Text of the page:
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More than 1 in 5 workers worldwide have experienced harassment or violence at work, survey concludes

The United Nations International Labor Organization, the Lloyd’s Register Foundation and Gallup published a survey that said more than a fifth of 74,364 respondents in dozens of countries reported experience of workplace violence or harassment. (iStock)

More than 1 in 5 workers have experienced violence or harassment at their workplace, according to a global survey released this week.

The risk of workplace violence or harassment was greater if the worker was younger, if the worker was a migrant and if the worker was not self-employed, according to the survey conducted in 2021 from the United Nations International Labor Organization, the London-based Lloyd’s Register Foundation and Gallup. Overall, a slightly higher percentage of women experienced violence or harassment than men, the poll showed. But young women were twice as likely as young men to suffer sexual violence and harassment.

The survey of 74,364 people age 15 or older and employed at the time of their interviews was conducted across 121 countries. It found that 23 percent of them had experience with physical, psychological or sexual violence or harassment at work, higher among younger workers than older workers.

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The poll placed workplace violence and harassment into three categories: physical, psychological and sexual.

Sexual violence or harassment included unwanted sexual touching, comments, pictures, emails or sexual requests. Worldwide, 6 percent of workers reported sexual violence or harassment at work.

More women (8 percent) than men (5 percent) reported sexual violence or harassment at work, the largest difference among the three forms of violence and harassment the survey measured.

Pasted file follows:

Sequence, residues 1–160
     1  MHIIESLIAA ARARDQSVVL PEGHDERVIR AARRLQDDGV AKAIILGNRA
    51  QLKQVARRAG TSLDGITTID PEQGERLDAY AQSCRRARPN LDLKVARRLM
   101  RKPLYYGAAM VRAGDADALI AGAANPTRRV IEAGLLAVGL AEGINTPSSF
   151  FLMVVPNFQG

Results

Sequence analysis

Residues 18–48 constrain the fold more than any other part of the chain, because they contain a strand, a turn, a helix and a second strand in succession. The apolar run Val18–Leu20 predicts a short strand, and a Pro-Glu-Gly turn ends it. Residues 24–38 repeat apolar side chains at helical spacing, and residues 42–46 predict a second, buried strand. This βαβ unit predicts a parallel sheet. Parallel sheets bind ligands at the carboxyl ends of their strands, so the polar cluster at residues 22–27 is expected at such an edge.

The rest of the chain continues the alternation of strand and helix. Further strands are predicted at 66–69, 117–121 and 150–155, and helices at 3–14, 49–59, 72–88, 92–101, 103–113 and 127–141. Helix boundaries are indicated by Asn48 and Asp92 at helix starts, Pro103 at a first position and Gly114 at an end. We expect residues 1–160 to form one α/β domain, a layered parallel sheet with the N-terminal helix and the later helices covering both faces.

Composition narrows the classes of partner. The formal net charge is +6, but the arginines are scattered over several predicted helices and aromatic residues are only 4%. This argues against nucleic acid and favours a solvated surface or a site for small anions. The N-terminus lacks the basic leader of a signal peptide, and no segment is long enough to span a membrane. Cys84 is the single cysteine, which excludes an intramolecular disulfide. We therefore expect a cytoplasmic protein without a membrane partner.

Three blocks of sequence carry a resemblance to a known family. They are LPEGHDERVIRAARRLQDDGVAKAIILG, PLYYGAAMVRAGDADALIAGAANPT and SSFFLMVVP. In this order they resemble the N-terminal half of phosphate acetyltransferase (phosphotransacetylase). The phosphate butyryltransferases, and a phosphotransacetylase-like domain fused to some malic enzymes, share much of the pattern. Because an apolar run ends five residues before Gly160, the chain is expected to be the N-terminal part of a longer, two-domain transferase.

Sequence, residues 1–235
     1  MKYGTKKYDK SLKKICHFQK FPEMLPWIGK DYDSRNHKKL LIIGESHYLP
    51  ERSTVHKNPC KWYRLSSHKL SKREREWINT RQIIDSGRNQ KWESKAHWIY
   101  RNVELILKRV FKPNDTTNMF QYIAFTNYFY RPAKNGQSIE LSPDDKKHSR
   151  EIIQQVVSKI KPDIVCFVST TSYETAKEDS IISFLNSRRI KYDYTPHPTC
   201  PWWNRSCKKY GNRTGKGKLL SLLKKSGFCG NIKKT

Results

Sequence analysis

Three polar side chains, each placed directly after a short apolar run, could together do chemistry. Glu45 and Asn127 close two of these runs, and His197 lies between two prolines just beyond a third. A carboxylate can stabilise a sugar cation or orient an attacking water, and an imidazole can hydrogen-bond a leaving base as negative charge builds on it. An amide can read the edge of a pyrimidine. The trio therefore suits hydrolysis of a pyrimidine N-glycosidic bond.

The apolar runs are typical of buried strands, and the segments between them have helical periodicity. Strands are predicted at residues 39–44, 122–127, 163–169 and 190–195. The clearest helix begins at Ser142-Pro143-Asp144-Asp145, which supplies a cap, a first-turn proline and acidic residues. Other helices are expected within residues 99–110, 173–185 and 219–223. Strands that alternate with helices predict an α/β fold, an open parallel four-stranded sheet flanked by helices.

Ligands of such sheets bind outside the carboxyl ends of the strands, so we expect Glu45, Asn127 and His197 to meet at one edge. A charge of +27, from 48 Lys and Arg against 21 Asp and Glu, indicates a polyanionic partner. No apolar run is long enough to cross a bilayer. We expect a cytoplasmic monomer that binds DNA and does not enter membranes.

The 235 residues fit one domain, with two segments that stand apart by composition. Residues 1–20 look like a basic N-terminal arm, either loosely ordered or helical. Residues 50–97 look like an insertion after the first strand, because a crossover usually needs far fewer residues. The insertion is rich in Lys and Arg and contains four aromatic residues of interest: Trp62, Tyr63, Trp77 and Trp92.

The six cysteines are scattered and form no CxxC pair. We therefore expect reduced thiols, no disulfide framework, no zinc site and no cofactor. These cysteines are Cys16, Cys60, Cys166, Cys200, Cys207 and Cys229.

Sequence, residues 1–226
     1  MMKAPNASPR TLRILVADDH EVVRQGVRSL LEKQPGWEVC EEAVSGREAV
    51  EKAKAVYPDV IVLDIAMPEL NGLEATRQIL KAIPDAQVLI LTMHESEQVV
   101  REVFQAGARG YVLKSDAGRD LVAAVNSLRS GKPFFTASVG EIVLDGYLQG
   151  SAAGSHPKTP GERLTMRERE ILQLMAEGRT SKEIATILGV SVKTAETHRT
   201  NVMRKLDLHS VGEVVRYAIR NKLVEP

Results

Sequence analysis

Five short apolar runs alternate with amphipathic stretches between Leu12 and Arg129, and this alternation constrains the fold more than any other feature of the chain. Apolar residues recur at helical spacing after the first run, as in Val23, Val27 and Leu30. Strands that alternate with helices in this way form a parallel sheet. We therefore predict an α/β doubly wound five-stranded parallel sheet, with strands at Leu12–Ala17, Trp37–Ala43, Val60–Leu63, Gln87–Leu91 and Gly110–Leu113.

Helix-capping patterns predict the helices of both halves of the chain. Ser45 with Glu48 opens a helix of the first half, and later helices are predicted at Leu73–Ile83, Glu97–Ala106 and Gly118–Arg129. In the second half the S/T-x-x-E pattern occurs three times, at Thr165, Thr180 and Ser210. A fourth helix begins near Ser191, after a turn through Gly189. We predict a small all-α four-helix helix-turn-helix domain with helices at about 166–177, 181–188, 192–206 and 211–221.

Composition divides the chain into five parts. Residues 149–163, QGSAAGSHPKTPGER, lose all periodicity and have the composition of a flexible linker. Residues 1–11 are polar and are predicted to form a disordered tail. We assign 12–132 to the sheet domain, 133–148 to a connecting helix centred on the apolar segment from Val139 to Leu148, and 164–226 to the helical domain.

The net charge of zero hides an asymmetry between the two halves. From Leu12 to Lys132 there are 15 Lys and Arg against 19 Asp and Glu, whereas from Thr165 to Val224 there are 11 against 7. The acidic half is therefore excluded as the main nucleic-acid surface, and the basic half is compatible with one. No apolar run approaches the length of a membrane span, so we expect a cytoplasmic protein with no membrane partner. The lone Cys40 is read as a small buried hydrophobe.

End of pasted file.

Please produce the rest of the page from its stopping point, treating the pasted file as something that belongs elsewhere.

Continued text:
Twelve percent of workers in the Americas, including 18 percent of women, experienced sexual violence or harassment at work.

Physical violence or harassment was defined in the survey as hitting, restraining or spitting. Worldwide, 9 percent of workers reported such violence. Geographically, Africa registered the highest prevalence of such violence with 13 percent saying they had experienced this kind of treatment. Globally, more men faced such workplace violence than women (9 percent vs. 7 percent).

Psychological violence or harassment was defined as experiencing insults, threats, bullying or intimidation at work. Globally, 18 percent of workers have encountered such behavior, the survey found. Women reported such violence and harassment at a higher rate than men (19 percent vs. 17 percent). Nearly 3 in 10 workers in the Americas (29 percent) reported such treatment, outpacing all other geographic regions.

The International Labor Organization, Lloyd’s Register Foundation and Gallup Violence and Harassment at Work survey was conducted as part of the 2021 Gallup World Poll through face-to-face interviews and telephone interviews of 74,364 individuals in 121 countries who were employed at the time of their interviews.

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